I started Grow Home but it’s going to take some time before I wrap that one up. I’m enjoying it but the pull of Call of Duty is still too strong to ignore at the moment. That and the pull of Xenoblade Chronicles 3D.

Call of Duty: Black Ops PS4 Multiplayer Beta Impressions

posted in: Game Previews 0

This was originally posted in a Call of Duty: Black Ops III beta impressions thread on NeoGAF but I decided to massage it into a post here:

I came away from the Call of Duty: Black Ops III PlayStation 4 multiplayer beta feeling positive and optimistic. The most glaring issue was the networking and matchmaking performance. It would be a damn shame if both of those areas do not improve in the final release. Dedicated servers would be greatly appreciated.

I thought the PS4 beta felt great. I liked the size of the maps and the pace of the game. I enjoyed the mobility options in Advanced Warfare but I felt the games were too frenetic at times and the “time to kill” felt too low for a game that’s trying to promote mobility.

I felt BLOPS3 nailed the blend of TTK and mobility. It reminded me a lot of BLOPS2 with a touch of mobility options. There were numerous occasions where I saw an enemy late, they shot at me, and I was still able to get into cover and retaliate. I didn’t feel like that was the case with AW or in any COD title since BLOPS2. Guns still felt lethal when targets were within the gun’s optimal range but the bullet damage drop off seems to be more drastic outside that range which could explain how I’m surviving more firefights.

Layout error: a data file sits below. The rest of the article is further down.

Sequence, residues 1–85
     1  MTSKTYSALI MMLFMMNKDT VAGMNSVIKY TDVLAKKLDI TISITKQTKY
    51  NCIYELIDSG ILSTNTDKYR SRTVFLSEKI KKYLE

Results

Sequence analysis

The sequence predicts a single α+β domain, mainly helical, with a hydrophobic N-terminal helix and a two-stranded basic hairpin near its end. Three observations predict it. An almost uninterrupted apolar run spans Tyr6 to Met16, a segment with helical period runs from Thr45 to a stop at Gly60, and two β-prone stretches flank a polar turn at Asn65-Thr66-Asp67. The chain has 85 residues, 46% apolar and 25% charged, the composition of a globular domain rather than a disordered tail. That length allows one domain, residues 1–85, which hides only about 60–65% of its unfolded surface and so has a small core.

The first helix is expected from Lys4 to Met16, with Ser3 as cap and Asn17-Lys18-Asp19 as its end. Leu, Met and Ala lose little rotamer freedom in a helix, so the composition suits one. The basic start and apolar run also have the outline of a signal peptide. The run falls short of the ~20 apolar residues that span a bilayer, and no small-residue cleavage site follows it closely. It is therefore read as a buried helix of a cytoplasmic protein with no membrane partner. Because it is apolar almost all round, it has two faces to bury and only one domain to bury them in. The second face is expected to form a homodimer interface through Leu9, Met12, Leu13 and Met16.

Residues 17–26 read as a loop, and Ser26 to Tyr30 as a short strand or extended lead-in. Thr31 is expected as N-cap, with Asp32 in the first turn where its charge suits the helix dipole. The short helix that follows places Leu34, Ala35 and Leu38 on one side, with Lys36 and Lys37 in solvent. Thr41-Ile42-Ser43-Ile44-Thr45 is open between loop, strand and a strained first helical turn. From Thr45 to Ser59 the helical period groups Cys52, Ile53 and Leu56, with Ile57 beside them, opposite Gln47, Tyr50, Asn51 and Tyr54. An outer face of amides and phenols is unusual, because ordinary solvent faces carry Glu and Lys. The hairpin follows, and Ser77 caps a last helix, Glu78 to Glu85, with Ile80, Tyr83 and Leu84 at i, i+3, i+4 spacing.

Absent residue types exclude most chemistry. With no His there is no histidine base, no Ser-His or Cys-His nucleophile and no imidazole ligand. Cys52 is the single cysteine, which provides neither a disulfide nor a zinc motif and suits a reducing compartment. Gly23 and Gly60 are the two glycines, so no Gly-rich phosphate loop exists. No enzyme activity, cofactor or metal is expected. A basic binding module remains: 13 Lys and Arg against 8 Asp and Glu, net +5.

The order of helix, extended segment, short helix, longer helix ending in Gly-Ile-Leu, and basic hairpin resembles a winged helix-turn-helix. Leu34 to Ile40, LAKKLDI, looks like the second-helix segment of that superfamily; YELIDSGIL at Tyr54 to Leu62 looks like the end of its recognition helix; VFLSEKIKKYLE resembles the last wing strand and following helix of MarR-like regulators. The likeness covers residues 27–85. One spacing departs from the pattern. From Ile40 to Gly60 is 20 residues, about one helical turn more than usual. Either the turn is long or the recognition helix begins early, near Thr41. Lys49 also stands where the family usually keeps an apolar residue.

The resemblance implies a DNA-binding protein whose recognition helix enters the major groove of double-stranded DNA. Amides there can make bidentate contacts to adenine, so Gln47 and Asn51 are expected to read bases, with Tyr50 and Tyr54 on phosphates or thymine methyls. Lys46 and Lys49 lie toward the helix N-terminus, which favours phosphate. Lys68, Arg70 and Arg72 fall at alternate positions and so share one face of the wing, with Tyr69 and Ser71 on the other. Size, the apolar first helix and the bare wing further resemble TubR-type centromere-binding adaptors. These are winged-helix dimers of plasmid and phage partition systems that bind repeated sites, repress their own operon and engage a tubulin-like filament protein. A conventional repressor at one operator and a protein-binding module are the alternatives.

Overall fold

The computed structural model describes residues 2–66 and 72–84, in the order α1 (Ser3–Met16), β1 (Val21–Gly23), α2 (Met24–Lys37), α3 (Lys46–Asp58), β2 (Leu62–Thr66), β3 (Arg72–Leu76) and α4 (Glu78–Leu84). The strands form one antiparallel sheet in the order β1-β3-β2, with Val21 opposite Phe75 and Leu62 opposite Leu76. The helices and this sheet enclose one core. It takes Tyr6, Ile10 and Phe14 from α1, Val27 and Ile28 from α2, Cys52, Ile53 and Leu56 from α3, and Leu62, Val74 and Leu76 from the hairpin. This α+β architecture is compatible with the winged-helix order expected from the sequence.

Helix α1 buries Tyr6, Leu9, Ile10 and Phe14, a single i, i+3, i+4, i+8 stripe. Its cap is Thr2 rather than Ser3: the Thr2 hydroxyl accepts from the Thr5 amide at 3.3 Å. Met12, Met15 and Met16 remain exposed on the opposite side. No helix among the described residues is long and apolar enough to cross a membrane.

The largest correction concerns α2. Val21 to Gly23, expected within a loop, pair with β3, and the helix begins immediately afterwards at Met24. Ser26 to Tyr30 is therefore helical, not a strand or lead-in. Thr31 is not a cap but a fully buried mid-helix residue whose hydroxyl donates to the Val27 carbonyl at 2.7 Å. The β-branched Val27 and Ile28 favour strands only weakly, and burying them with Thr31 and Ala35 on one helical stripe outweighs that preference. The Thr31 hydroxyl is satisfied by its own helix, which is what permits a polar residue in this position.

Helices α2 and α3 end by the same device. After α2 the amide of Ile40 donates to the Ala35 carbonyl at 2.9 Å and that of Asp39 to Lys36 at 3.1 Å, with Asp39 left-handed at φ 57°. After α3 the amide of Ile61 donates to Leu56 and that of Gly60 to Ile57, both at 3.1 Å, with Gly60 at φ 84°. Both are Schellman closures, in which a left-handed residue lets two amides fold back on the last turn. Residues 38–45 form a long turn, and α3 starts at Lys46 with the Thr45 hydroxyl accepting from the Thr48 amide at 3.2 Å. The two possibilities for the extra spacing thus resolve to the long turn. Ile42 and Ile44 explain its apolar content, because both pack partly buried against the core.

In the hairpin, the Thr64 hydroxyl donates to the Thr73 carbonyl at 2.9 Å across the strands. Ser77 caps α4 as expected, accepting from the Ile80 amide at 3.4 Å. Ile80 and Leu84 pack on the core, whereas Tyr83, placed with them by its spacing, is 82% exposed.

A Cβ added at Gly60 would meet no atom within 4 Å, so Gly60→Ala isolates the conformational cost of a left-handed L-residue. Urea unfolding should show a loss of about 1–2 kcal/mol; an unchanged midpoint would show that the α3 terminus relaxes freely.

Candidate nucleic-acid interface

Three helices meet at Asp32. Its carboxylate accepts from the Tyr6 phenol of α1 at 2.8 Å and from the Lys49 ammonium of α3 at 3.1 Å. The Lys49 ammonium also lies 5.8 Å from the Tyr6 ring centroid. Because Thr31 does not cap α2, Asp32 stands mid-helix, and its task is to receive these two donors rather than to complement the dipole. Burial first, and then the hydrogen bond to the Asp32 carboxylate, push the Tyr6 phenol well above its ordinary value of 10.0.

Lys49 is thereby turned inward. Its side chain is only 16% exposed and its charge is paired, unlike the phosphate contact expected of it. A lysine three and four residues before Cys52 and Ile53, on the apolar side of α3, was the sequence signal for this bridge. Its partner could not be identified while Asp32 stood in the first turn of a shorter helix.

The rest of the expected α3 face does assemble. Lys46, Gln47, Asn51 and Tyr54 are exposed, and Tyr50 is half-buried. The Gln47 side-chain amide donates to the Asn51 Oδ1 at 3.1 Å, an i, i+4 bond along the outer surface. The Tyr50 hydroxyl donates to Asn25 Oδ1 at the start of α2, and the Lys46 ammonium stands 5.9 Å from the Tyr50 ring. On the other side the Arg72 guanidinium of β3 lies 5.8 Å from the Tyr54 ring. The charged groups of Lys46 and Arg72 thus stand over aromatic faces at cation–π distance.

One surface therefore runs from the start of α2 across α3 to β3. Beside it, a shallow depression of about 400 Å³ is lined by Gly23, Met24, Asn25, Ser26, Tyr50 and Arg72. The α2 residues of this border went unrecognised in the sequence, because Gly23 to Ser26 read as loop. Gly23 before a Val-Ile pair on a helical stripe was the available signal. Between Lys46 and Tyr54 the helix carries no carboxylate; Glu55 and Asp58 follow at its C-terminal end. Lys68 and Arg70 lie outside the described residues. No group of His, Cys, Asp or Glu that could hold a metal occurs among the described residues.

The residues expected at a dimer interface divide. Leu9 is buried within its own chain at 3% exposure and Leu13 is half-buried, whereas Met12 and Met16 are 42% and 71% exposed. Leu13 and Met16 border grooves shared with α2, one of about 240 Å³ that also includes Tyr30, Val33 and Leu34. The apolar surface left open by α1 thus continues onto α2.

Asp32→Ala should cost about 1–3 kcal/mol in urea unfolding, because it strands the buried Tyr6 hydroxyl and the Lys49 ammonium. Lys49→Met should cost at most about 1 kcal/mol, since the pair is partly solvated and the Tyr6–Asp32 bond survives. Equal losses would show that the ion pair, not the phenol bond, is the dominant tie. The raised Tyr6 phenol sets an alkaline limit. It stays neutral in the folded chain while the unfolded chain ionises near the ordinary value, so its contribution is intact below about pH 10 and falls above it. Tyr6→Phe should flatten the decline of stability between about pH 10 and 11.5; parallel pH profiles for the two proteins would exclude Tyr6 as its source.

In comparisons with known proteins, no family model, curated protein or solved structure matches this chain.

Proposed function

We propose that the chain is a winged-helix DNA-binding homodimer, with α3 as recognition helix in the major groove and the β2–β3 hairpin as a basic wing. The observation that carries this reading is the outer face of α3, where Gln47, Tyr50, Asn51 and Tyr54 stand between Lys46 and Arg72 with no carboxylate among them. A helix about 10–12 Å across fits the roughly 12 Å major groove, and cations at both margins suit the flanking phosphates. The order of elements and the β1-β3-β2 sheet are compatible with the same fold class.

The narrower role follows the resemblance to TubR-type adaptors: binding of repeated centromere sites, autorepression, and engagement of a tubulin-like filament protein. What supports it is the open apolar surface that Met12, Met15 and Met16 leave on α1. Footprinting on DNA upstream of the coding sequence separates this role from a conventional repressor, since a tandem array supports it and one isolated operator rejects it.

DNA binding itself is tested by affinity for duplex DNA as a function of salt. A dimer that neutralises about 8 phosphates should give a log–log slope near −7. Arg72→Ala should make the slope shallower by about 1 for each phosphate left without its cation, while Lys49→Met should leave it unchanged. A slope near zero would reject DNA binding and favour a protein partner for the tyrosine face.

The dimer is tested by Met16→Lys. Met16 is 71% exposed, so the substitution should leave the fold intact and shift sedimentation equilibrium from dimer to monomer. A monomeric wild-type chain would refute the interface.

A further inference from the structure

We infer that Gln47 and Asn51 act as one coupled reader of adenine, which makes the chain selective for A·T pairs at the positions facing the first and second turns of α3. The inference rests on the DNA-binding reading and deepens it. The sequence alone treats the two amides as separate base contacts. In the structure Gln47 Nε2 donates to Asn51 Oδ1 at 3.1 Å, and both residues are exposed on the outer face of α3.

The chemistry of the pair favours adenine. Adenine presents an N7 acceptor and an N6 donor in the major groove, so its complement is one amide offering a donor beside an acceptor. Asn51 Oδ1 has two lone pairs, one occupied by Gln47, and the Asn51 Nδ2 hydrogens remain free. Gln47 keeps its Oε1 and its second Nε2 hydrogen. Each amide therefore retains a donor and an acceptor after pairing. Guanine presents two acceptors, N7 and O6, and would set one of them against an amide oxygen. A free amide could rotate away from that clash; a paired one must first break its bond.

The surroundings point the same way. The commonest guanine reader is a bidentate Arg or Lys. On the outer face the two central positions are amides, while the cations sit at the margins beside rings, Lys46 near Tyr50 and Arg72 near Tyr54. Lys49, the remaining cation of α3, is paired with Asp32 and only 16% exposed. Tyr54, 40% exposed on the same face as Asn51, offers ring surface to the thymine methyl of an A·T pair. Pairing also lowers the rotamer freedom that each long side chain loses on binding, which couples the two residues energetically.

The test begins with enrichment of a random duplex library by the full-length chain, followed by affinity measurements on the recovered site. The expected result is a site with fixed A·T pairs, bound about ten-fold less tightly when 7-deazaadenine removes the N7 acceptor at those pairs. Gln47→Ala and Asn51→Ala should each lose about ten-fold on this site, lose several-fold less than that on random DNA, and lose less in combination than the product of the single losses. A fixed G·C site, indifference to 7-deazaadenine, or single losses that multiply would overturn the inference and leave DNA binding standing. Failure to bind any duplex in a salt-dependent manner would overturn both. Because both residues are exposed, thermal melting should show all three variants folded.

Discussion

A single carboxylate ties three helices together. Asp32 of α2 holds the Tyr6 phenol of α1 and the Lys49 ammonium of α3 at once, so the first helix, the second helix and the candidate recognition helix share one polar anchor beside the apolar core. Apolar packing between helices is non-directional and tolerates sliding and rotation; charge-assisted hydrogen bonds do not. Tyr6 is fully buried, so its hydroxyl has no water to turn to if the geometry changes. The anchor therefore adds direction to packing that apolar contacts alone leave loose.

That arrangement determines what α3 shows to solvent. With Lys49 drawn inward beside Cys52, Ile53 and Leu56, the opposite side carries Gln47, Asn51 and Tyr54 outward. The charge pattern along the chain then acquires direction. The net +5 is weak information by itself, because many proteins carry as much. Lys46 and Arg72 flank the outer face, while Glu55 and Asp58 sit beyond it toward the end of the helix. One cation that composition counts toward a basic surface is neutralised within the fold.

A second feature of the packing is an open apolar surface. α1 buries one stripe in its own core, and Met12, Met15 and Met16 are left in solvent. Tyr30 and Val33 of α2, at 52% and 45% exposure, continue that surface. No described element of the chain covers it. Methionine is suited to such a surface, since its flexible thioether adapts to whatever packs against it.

The idea behind the AW suit powers was sound but the implementation was flawed because I felt it wasn’t worth the sacrifice of an attachment or a perk. Giving everyone an added ability via the Specialist class without occupying a crucial class slot was the right choice. They served like mini-scorestreak rewards which had the potential to turn around a player’s performance in a round.